The Death of the Electric Car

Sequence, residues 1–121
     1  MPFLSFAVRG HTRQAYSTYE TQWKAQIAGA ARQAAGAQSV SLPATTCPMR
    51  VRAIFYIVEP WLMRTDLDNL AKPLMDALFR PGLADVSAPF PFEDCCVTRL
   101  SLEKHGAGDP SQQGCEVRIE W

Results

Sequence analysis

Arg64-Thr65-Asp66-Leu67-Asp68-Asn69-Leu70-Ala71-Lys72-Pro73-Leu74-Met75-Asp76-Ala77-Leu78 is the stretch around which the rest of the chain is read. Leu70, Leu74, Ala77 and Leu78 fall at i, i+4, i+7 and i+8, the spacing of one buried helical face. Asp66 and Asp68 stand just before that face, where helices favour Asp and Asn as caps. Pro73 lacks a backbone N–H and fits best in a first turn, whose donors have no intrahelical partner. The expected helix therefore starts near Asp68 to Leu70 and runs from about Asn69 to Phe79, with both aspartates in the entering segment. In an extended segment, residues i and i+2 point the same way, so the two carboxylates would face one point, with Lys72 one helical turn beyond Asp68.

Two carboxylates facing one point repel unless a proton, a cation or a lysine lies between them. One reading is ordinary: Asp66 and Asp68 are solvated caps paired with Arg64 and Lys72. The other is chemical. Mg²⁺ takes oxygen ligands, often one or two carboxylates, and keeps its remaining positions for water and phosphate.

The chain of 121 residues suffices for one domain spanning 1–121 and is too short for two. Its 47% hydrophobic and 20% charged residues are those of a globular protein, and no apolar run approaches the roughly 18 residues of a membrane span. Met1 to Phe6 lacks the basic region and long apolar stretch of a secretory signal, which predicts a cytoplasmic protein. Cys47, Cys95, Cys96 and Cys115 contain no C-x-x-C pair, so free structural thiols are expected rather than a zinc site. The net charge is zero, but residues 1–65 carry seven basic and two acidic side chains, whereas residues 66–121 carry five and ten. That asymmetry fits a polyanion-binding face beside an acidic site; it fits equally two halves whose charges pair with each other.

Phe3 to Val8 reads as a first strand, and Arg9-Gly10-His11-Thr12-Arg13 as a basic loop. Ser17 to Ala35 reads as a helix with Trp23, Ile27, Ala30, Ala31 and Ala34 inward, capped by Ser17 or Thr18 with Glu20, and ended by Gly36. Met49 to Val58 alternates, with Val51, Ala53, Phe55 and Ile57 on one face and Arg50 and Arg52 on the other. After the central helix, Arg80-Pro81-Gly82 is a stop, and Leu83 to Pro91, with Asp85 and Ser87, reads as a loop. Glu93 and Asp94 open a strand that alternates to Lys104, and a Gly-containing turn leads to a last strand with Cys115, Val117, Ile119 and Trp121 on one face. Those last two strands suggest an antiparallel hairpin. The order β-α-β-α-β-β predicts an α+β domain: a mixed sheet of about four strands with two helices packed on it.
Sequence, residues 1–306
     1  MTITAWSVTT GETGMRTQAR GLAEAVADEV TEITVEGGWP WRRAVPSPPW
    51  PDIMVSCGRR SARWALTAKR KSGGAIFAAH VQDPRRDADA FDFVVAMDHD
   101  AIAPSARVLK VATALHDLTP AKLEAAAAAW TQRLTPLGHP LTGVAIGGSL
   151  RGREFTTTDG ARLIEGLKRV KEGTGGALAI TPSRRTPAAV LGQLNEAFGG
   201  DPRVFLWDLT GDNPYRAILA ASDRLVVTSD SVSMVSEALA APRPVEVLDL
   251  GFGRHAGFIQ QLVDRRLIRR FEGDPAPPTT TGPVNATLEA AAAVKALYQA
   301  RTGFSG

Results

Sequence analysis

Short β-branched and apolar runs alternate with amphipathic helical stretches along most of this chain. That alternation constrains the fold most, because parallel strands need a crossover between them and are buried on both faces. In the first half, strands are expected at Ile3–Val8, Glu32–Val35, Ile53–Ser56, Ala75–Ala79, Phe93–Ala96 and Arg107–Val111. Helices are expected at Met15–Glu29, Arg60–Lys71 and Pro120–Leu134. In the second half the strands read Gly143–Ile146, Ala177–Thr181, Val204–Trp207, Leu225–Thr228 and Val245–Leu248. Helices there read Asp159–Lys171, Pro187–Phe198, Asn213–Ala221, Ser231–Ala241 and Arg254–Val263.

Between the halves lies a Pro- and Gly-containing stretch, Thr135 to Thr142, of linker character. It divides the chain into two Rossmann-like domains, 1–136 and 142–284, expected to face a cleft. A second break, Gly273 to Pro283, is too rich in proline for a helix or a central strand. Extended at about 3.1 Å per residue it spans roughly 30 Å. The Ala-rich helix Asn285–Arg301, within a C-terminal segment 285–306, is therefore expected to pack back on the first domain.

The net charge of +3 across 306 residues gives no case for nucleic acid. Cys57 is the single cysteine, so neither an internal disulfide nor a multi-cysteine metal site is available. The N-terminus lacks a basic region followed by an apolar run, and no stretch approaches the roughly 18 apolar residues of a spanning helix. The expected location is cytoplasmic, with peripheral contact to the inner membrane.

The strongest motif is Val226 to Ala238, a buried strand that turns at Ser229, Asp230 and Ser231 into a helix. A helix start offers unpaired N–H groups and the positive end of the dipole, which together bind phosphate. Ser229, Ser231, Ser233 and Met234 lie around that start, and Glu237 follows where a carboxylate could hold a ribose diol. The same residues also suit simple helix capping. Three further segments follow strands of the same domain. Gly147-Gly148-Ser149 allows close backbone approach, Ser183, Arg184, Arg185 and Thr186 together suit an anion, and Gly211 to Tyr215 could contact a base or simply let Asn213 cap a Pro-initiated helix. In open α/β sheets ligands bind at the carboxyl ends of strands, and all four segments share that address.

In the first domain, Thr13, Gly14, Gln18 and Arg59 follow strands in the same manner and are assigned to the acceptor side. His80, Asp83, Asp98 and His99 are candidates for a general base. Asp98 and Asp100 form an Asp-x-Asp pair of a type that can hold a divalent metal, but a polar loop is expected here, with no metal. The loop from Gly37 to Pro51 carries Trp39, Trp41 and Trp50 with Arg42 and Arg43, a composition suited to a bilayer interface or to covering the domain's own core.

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The 1996 documentary Who Killed the Electric Car? explores the factors behind the demise of General Motors’ EV1, the popular and elusive electric car of the early 1990’s. The EVI was popular with the public, and it was clean, fast and efficient. This video sets out to solve what is effectively a murder mystery – the plug was pulled on the EV1 in 2002 after only 1,000 of these cars had been produced by GM, most of which were subsequently destroyed by the company in a secret location in the Arizona desert. It is evident that the electric car faced significant opposition in California during its short life. In terms of political forces, the EV1 was opposed in principle by the United States federal government, who actually joined automakers in a lawsuit against California for implementing the regulations that inspired the development of the electric car in the first place. The US government also discouraged the popularity of the electric car by offering staggeringly high tax incentives to purchasers of large gas-guzzling vehicles such as the Hummer. The California Air Resources Board, or CARB, started the initial incentive to develop the electric car with its zero-emissions regulations for automakers, but in the end CARB was clearly seen to cave under industry pressure and give their support to the development of hydrogen fuel cell vehicles instead. The electric car was also challenged by economic factors. Because the EV1 was not being mass-produced, it was never able to benefit from the cost reduction that comes with economies of scale. Because of this, the car was more expensive for consumers, which limited its market to those who could afford it. The social factors contributing to the death of the EV1 are more ambiguous. GM ... ... middle of paper ... ...about 300 miles (compared to the 70 miles of the first-generation EV1) . Environmentally, US air quality is worse than it was 20 years ago, and consumers have begun to notice. This will likely contribute to an increased demand for zero- and low-emissions vehicles. Legislation has once again been introduced providing tax incentives, rebates, and even free parking for purchasers of hybrid and electric vehicles. By 2005, over 200,000 hybrid vehicle rebates were cashed in the US, and this number continues to rise . Increasing environmental awareness, coupled with a responsible American government and improved technology, have all contributed to the comeback of low-and zero-emissions vehicles in the US. It remains to be seen whether the automakers and oil companies will once again work to halt this progress, or embrace it as the technology of a more responsible future.

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